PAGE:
I have fabulous memories of the corner shop as a child, this was the place where we, my siblings and I would sneak into before we got home, load up on chocolates and then go home for tea. It was a ritual; school, catch the bus home and then down to the local corner shop before home. To be fair it was more of a newsagent than a corner shop, well a newsagent on a corner and still is to this date, the Asian owners are still the same, but it is now manned by the next generation. As a child and young teen I’d be there almost everyday, I hardly go in any more…
The best thing about going into the local shop was seeing the array of sweets and spending ages choosing one. These were the days when Mars bars were 10p and a can of fizzy was 25p…. in reality it was probably the closest i’d get to Charlie’s’ chocolate factory in Huddersfield.
Posted in chicken curry, commitment, community, family, food, heritage, Huddersfield, Immigration, West Yorkshire
Tagged childhood, chocolate, corner shop, memories, newsagent, school, sweets
Even though the family is from Huddersfield and lives in Huddersfield, the boy’s Mehndi was the only event actually held in Huddersfield. Now firstly, there was a big debate about where we should hold the event; my dad wanting to hold the mehndi at the Pakistani Community Centre on Clare Hill and I wanting it at the Hudawi Cultural Centre on Great Northern Street. Both venues are completely different size wise and atmosphere, most people now choose the Hudawi centre as it is bigger and hall like, but no matter how hard I tried to persuade my dad, like always dad stuck to his guns and won – his argument was that I had my mehndi there, my brother had his so it was now tradition ??!! So this was where the boy’s mehndi was held.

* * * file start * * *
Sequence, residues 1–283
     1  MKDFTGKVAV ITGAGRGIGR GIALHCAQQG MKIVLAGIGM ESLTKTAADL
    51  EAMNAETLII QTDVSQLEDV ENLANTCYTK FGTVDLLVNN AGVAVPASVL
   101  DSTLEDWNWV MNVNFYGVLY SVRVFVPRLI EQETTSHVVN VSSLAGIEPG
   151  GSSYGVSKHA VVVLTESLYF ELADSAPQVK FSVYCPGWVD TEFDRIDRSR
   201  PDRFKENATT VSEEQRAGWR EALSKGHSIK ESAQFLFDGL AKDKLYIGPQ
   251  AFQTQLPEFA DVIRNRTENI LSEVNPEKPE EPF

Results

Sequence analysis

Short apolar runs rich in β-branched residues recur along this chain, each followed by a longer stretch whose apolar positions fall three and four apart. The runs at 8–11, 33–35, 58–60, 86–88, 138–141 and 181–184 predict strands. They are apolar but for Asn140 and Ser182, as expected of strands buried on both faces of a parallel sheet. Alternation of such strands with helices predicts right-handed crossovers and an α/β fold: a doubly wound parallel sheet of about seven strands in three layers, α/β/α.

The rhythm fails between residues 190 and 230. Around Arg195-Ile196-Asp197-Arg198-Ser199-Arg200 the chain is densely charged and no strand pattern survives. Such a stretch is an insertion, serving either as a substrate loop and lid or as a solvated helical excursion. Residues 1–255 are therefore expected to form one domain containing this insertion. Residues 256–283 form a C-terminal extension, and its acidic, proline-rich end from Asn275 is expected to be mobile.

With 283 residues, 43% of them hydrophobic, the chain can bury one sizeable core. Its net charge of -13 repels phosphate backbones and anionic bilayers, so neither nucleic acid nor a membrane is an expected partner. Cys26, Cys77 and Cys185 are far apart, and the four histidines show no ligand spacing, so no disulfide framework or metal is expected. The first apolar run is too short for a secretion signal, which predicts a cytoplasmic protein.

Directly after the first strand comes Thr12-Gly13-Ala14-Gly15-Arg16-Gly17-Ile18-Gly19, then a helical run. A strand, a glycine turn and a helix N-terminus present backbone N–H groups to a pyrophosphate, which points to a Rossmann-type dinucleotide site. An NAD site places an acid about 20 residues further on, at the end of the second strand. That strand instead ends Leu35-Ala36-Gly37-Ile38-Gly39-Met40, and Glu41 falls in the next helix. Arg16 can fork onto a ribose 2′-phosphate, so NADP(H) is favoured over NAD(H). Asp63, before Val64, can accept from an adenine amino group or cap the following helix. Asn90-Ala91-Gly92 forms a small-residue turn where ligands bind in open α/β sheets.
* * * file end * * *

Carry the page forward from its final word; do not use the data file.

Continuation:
We started off at my mum’s house dipping strawberries, grapes and various other fruits into milk and white chocolate…mmmm for the rasom (in which aunties, cousins feed the groom traditionally Indian sweets, but we replaced them with a fruit assortment [only as many of us don’t have a taste for them] then the guests place henna on the palm and give small amounts of money, which will be given to charity). Once we had everything for the rasom we made our way to the Community Centre to set up the stage and general décor. We had a green and yellow balloon arch with a green, yellow and gold back drop and yellow chrysanthemums on each table setting. Yellow and green are traditional mehndi colours…
So my brother came in dressed plainly and the sisters and cousins walked him in carrying a red deputta (scarf) over him. The reason for this I don’t know but I think red signifies marriage as this is the traditional colour for the bride’s outfit. Once he was seated, we brought in our henna plates and did a little dance before placing the plates with tea lights in front of him… photo opportunity… next the rasom again more photos and after the food… no pics here everyone was too busy enjoying the food LOL.
After this we all went home to carry on with the dancing and merriment on the last day of singlehood….
Countdown to the wedding begins x